Irish Dance

Basics:  All Irish dance consists of repeated phrases of 16 measures, generally 8 measures led by the right foot followed by 8 measures led by the left.  Individual dancers include reels, jigs and hornpipes and each school teaches its own variations of these dances (so an individual reel will vary depending on where the dancer trained and advanced dancers may choreograph their own versions).  Group dances called figure dances or céilí include groups of 4, 6, or 8 dancers and are standardized for competition (so the 4-hand reel will always look the same, no matter where the dancers were trained).  

Competitive Irish step dancing takes place at gatherings called feis, with individual prizes awarded for as many as a dozen styles at several different levels of experience.  Dances vary based on the type of shoe worn:  soft shoes (or ghillies) and hard shoes.  In competitive dancing, costumes mark a dancer’s level of attainment:  the right to wear hair extensions, bibs, and the more fancied dresses is earned through competitive success.

Most competitive step dancing is accompanied by traditional Irish music, but advanced dancers also will dance unaccompanied.  When live music is used as the accompaniment, it will include musical instruments typical to a trad session – particularly a fiddle, Irish flute or tin whistle, guitar, mandolin, and bodhran.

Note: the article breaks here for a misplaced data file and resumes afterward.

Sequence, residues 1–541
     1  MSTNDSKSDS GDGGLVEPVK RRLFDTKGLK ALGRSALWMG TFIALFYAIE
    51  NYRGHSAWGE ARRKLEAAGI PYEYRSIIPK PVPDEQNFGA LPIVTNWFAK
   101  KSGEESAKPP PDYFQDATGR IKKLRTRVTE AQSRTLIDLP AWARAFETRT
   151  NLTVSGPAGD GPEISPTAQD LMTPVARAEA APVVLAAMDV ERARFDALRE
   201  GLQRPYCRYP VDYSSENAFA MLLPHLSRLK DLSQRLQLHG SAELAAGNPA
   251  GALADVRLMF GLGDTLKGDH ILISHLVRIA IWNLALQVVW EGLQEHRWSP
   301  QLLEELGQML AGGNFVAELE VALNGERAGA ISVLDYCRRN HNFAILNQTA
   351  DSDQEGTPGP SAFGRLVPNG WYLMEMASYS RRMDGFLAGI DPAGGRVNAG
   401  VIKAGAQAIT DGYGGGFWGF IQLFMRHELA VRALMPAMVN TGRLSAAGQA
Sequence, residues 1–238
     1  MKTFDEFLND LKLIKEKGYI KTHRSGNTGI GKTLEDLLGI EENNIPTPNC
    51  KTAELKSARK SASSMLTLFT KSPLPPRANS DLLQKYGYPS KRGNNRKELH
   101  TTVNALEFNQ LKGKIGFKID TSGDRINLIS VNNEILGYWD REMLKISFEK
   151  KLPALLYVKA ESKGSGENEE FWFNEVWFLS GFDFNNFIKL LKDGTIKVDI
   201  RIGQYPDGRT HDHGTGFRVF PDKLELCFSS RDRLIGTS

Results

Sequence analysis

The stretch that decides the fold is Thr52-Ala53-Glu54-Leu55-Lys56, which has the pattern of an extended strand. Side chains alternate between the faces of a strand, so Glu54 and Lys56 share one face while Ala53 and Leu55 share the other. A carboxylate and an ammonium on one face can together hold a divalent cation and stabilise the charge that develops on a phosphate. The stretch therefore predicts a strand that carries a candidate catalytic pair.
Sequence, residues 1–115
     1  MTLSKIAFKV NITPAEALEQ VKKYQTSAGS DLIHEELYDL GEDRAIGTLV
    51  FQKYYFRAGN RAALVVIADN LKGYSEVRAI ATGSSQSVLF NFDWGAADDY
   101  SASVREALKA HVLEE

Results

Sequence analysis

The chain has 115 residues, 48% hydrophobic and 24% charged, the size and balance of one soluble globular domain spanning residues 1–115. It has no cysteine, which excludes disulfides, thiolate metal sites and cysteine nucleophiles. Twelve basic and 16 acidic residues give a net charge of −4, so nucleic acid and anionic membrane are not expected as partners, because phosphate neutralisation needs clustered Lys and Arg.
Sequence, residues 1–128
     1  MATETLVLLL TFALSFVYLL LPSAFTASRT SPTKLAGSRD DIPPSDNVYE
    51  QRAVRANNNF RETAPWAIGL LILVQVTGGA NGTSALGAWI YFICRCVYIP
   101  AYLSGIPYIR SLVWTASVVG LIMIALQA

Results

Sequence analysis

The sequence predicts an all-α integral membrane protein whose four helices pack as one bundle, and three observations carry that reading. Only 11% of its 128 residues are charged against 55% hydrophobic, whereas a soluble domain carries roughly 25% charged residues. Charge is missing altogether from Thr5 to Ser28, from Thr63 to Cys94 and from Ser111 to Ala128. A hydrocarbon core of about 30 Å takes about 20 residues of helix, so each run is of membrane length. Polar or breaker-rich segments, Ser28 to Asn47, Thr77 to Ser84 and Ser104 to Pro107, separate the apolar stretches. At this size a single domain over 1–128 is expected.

Reel:  The most basic individual dance, set to 4/4 or 2/2 time, with an emphasis on the first and third beat in every measure.  Dancers wear soft shoes in reels.

Hornpipe:  Similar to a reel, but dancers wear hard shoes.

Jig:  An individual dance set to 6/8 time, with emphasis on the first and fourth beat in every measure.  A jig may be danced with either hard or soft shoes.  There are many different variations of jigs that use different time signatures (e.g. a “slip jig”, which used a 9/8 time signature) and rhythm combinations.

Céilí or Figure Dance:  Coordinated figure dances with multiple dancers.  Popular examples are the 4- and 8-hand reel, the 8-hand jig, St Patrick’s Day, and Bonfire Dance.

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